Bradley, Francis Herbert (1846–1924)

DOI: 10.4324/9780415249126-DC008-2
Version: v2,  Published online: 2020
Retrieved April 15, 2021, from

1. History

Francis Herbert Bradley was born on 30 January 1846 in Clapham, the son of an Evangelical preacher. After having studied classics at University College, he was elected to a fellowship at Merton College, Oxford, in 1870. The fellowship, which he retained until his death on 18 September 1924, came with no teaching duties, which gave him plenty of time to devote himself to writing. King George V honoured him with the Order of Merit, a clear sign of the high esteem in which he was held by his contemporaries.

Bradley’s first philosophical publication is a pamphlet entitled The Presuppositions of Critical History (1874). Bradley raises here the difficult question as to what we ought to believe about so-called historical facts, given that the past is gone forever. In answering this question, he remarks that a basic requirement for any interpretation of the past is that it be intelligible to the mind of the historian who produces it. Specifically, he contends, an interpretation of the past that makes it appear wholly different from the world we now live in, is not likely to be convincing. All sound historical reconstruction must be based on a kind of analogy and presuppose a substantial uniformity between past and present experience.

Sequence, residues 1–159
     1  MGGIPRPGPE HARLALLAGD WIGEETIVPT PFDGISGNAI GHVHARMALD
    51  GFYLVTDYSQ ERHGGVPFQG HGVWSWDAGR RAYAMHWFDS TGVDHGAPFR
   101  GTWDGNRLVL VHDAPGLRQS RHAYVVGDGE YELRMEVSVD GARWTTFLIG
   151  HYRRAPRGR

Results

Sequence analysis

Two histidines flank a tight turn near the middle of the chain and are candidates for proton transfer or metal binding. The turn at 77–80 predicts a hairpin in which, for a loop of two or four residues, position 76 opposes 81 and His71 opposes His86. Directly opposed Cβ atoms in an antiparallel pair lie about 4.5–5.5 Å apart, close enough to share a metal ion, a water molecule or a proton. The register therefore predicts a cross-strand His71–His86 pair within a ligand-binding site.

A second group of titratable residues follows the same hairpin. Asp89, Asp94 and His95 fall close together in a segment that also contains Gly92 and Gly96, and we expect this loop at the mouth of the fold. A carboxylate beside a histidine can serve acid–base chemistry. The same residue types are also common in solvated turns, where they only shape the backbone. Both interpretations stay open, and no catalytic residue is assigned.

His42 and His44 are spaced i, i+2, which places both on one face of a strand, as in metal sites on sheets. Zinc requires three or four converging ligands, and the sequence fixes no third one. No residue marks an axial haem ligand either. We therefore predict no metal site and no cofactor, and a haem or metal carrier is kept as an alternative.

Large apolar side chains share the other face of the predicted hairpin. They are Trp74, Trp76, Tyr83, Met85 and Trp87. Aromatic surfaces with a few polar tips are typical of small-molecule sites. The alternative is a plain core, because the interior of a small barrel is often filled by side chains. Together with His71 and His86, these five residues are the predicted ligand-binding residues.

These epistemological concerns are not purely theoretical, as they immediately undermine any belief in reports of exceptional happenings such as miracles. As a matter of fact, they articulate highly disturbing sceptical thoughts in an age already shaken by Darwin’s theory of evolution and by the corrosive biblical criticism of the Tübingen School.

Citing this article:
Basile, Pierfrancesco. History. Bradley, Francis Herbert (1846–1924), 2020, doi:10.4324/9780415249126-DC008-2. Routledge Encyclopedia of Philosophy, Taylor and Francis,
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